The EU is still at war with itself

Not even Russia’s invasion of Ukraine has stopped the EU attacking Poland and Hungary.

Frank Furedi

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Topics Politics

The EU clearly regards Russia’s invasion of Ukraine as a distraction from its crusade against national sovereignty. How else to understand the European Parliament’s demand this week for the European Commission to punish Hungary and Poland – two of the member states at the forefront of providing shelter to Ukrainian refugees – for their supposed breach of the EU’s Rule of Conditionality Regulation.

This regulation, introduced by the EU at the start of last year, provides a mechanism for the European Commission to withhold EU funds to member-state governments it deems to be defying EU laws. The governments of both Hungary and Poland challenged the regulation in the European Court of Justice (ECJ) but their appeal was rejected on 16 February.

As a result, the EU is now free to impose a financially brutal punishment that could cost Hungary and Poland billions of euros in funding. But then it’s meant to be financially brutal. The EU is effectively using its financial power to force recalcitrant member states to abandon any policies or laws it disagrees with, such as Poland’s planned judicial reforms.

This European Parliament’s decision sends a message not just to the governments of Poland or Hungary, but also to the voters in those countries. It effectively says to these nations’ citizens that their governments’ commitment to self-determination threatens their economic wellbeing. The intent of such a message is clear – it aims to boost the standing of the domestic political opponents of Hungarian and Polish governments. That is why opposition Hungarian and Polish MEPs voted in favour of a resolution that will punish their own nations.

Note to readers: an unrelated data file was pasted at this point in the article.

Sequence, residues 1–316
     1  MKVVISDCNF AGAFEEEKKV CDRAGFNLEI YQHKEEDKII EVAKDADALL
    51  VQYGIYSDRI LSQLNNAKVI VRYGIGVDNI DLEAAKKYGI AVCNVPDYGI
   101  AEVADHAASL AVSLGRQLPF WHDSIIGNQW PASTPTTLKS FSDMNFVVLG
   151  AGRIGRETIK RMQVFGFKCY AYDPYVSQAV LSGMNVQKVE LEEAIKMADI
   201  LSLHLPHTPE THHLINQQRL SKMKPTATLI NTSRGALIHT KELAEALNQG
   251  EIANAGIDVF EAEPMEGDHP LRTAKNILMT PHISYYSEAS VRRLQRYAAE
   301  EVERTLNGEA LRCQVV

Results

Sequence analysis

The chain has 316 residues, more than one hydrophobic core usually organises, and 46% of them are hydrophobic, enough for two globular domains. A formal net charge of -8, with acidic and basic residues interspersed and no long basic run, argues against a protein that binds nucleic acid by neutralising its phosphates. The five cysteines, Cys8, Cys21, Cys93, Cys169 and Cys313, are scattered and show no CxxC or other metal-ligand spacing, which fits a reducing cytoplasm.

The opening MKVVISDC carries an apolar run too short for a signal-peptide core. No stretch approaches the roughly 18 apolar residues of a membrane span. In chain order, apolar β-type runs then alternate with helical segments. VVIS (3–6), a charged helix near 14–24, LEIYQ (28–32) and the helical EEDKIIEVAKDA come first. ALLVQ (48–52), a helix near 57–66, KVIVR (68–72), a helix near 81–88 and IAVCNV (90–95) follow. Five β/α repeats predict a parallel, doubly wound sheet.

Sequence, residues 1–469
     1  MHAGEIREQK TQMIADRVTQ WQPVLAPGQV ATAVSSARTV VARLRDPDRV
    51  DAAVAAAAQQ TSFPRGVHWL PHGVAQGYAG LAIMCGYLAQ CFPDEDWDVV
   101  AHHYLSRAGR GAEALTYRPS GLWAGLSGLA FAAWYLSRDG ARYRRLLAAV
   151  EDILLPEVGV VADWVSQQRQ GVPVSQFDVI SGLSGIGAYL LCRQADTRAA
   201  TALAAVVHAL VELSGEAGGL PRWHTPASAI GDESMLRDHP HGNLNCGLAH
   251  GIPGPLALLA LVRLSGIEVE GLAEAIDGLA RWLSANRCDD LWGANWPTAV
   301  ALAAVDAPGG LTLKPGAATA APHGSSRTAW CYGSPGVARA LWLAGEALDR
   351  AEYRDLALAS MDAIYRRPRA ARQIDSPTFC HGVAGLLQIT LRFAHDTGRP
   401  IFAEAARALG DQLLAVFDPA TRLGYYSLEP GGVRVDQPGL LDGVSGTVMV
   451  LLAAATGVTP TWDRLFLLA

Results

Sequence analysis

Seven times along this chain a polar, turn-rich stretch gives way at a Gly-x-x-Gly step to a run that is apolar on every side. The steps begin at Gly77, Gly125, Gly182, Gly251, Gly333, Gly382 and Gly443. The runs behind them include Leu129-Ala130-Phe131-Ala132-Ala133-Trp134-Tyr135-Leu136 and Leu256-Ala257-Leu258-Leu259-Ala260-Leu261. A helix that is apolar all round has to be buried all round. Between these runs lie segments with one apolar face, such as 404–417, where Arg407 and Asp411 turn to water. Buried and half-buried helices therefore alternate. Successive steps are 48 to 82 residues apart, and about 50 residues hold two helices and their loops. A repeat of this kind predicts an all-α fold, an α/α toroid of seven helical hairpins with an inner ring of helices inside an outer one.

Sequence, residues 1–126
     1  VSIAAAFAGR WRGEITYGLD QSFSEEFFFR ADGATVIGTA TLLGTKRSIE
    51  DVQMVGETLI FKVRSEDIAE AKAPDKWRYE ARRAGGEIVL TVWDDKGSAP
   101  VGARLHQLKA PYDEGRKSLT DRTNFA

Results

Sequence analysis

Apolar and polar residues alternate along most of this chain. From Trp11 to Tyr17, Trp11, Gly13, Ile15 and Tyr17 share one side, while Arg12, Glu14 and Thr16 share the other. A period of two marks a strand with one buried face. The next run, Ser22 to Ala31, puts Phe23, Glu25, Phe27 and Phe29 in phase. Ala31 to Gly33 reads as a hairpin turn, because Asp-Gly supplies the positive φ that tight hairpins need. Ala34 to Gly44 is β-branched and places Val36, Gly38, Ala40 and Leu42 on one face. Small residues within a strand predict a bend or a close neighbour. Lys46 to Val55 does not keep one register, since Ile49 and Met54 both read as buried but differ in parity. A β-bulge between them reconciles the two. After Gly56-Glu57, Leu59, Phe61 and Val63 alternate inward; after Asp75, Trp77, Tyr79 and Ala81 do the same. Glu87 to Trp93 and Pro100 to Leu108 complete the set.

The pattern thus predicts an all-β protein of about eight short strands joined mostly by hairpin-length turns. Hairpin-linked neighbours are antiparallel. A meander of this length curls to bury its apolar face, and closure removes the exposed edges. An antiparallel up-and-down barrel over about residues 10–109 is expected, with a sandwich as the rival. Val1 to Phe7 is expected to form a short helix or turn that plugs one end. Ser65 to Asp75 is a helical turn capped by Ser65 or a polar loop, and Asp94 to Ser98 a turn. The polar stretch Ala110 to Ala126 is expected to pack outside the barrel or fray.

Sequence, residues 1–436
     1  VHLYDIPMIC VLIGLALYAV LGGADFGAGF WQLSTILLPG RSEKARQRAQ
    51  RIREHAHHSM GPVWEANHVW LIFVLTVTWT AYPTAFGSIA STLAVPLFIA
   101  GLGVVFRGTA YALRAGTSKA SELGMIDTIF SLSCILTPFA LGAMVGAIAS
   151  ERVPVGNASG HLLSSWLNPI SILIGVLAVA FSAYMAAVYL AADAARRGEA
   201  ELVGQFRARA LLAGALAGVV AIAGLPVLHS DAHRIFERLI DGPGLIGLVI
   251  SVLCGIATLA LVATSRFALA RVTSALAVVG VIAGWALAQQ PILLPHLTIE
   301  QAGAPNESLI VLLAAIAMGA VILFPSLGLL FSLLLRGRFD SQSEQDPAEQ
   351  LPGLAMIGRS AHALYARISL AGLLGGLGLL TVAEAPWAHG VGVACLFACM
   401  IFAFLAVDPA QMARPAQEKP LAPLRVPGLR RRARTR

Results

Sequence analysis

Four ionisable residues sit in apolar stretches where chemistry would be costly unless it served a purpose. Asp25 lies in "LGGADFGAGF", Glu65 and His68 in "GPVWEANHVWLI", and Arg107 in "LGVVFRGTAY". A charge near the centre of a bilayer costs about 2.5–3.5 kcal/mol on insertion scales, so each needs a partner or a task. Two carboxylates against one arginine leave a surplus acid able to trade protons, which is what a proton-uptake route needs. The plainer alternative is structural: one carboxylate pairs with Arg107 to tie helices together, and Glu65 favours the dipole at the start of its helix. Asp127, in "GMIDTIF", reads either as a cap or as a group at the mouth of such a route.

Furthermore, the parliament’s resolution is timed precisely to influence the outcome of next month’s General Election in Hungary. After all, Hungarian prime minister Viktor Orbán is a principal opponent of the EU’s federalist aspirations. The EU therefore hopes that by punishing Orbán’s government, it will embolden Hungary’s pro-EU opposition parties. This shows that the EU has no inhibitions about intervening in the domestic affairs of an independent nation.

At a time when the threat of war looms over the entire continent one would have thought that MEPs had other things on their mind. But no – it seems that pursuing an ideologically motivated assault on national sovereignty is all that matters, even now.

This is a shameful moment for the EU. Right now, Poland and Hungary need to be supported in their efforts to help the hundreds of thousands of refugees crossing their borders. But instead the EU has decided to mete out a financially severe punishment.

It seems that even a humanitarian crisis that could destabilise the European continent for decades is of less importance to MEPs than the EU’s petty crusade against advocates of national self-determination. The self-serving behaviour of the MEPs who voted for the resolution exposes the rotten political culture that dominates the institutions of the EU.

The events in Ukraine desperately highlight the need for European unity. But this will have to be forged by a coalition of national governments. The EU is a union in name only.

Frank Furedi’s 100 Years of Identity Crisis: Culture War over Socialisation is published by De Gruyter.

Picture by: Getty Images

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